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Neil Young, The Doors and others excluded from BBC radio because of rights concerns over iPlayer upgrade

By | Published on Friday 10 July 2015

Neil Young

Songs by Neil Young, Bonnie Raitt, Journey and The Doors – including cover versions and any tracks containing samples of their work – are to be excluded from BBC radio because of concerns over licensing stemming from an upgrade to the Corporation’s iPlayer Radio app.

This is because music from each of the affected artists is not represented by the UK publishing sector’s mechanical rights collecting society MCPS – even though performing rights are repped by PRS – and offline caching due to be added to the BBC’s radio app will exploit mechanical as well as performing rights.

As much previously reported, the music publishing sector deals with the reproduction and distribution of its songs (the mechanical rights) separately from the public performance or communication of compositions (the performing rights), and in the UK there are separate collecting societies for each set of rights, even though licensees can usually get joint licenses from PRS For Music, which works on behalf of both PRS and MCPS.

Collecting societies usually provide licensees with so called blanket licences, which means said licensee can use any of the songs the society represents directly or via reciprocal agreements with other societies around the world. This never means all songs ever, but on the performing rights side broadcasters and promoters usually act as if it does.

But licensees need to be more careful about repertoire gaps when making mechanical copies – so pressing CDs or syncing music to video, for example – because publishers representing mechanical rights outside the collective licensing system are much more likely to enforce their rights when songs are used without a direct licence.

As always, things get more complicated once you get into digital, because whenever music is delivered digitally a content provider is exploiting both mechanical and performing rights at the same time. Though the music industry has differing polices around the world as to how much of a stream is the mechanical right and how much is the performing right, and it varies according to service type and country. Radio-style webcasting services may be treated as just performing right exploiting set ups.

The timing of the BBC memo presumably means that lawyers at the Beeb reckon that its past online radio services have been covered entirely by the Corporation’s PRS licence, but that the offline listening function soon to be added to iPlayer Radio will require a combined MCPS/PRS licence, and that excludes those songwriters who are MCPS hold outs.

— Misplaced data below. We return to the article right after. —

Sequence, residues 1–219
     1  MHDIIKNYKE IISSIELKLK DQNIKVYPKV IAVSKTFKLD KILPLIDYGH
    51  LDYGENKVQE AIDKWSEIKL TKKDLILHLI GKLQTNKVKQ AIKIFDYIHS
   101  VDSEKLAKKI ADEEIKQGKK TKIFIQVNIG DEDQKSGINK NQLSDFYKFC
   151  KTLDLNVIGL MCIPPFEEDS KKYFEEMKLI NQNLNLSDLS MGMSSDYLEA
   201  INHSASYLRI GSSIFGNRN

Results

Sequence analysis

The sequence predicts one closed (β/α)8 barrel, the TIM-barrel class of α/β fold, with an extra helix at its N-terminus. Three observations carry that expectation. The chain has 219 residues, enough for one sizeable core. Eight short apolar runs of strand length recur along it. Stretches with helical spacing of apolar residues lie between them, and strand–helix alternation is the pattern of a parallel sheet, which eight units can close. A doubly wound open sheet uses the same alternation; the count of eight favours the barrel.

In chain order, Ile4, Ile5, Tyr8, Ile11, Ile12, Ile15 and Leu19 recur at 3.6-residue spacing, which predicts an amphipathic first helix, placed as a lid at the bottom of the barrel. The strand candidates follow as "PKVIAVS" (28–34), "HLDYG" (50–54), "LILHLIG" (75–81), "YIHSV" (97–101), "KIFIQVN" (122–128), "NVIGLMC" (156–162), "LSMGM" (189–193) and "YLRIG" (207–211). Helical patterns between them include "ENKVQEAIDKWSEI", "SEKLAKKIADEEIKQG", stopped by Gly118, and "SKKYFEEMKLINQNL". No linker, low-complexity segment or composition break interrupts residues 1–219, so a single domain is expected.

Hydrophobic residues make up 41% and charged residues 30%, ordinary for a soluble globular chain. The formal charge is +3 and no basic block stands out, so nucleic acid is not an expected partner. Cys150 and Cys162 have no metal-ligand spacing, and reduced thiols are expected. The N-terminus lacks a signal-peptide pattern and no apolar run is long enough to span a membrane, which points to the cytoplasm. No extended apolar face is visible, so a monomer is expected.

It’s thought the four artists being excluded – three of whom are published by Wixen Music – chose to withdraw from MCPS not because of digital matters (they have been outside the society for some time), but because they didn’t want to participate in MCPS’s blanket licences for TV sync (participation in which is compulsory for all members). These artists presumably prefer the US approach where television sync is negotiated directly with the publisher, as with ads, film and games over here.

Once outside of MCPS, the four songwriters’ publishers then licensed labels and sync clients directly in the UK, which was all pretty manageable, but gets more complex in the digital domain, as the BBC’s latest move shows.

It’s not clear if the BBC’s memo was motivated by a specific intervention by Wixen over the new radio app, though it’s more likely that past disputes between the publisher and the Corporation over TV sync still haunt the broadcaster’s legal department, and it is now being extra careful with each new development in digital.

Of course, there is nothing to stop BBC radio from continuing to air songs from all four acts over the airwaves under its PRS licence. Though shows from the Beeb’s radio stations usually slip through to iPlayer Radio automatically, so bosses will be nervous of accidentally infringing mechanical rights via digital delivery even if the original broadcast is all covered.

Commenting on the developments, MCPS told reporters last night: “MCPS endeavours to offer blanket licences to broadcasters to enable them to enjoy ‘all you can eat’ access to record all repertoire into programmes. However membership of MCPS is optional and these repertoires haven’t been members for several years. MCPS therefore has to ensure that any blanket licences transfer appropriate value back to the rights holders in order to be able to continue to offer as much repertoire as possible to broadcasters. PRS, which administers performing rights, however, confirms the works remain available for simple radio broadcast”.

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